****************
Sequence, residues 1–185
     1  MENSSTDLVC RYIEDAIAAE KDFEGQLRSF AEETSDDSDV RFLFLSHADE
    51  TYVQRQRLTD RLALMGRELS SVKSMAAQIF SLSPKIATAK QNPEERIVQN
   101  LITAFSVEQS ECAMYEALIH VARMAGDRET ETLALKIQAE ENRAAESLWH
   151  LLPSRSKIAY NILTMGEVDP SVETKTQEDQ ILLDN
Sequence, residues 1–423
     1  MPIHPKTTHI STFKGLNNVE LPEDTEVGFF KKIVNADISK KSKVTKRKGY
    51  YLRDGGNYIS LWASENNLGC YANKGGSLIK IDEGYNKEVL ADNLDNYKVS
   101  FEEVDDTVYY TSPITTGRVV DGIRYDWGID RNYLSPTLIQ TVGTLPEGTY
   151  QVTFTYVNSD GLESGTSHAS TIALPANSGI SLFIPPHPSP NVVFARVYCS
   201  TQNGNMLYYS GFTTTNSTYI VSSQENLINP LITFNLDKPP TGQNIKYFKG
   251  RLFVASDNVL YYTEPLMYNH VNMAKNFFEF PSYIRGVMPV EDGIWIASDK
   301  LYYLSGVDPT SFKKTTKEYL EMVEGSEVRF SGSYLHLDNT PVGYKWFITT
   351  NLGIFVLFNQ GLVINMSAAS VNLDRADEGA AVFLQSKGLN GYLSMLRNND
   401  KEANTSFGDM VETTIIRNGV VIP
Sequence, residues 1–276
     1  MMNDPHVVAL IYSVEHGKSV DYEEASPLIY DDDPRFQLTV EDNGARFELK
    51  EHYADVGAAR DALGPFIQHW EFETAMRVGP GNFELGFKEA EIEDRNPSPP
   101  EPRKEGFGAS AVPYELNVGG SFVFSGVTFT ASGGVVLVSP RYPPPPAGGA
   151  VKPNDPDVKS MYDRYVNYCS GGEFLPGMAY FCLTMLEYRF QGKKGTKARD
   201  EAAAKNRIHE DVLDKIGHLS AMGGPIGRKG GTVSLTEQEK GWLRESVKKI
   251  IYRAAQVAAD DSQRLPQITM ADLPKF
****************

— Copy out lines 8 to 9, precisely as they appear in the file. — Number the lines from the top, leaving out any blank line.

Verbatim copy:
    51  YLRDGGNYIS LWASENNLGC YANKGGSLIK IDEGYNKEVL ADNLDNYKVS
   101  FEEVDDTVYY TSPITTGRVV DGIRYDWGID RNYLSPTLIQ TVGTLPEGTY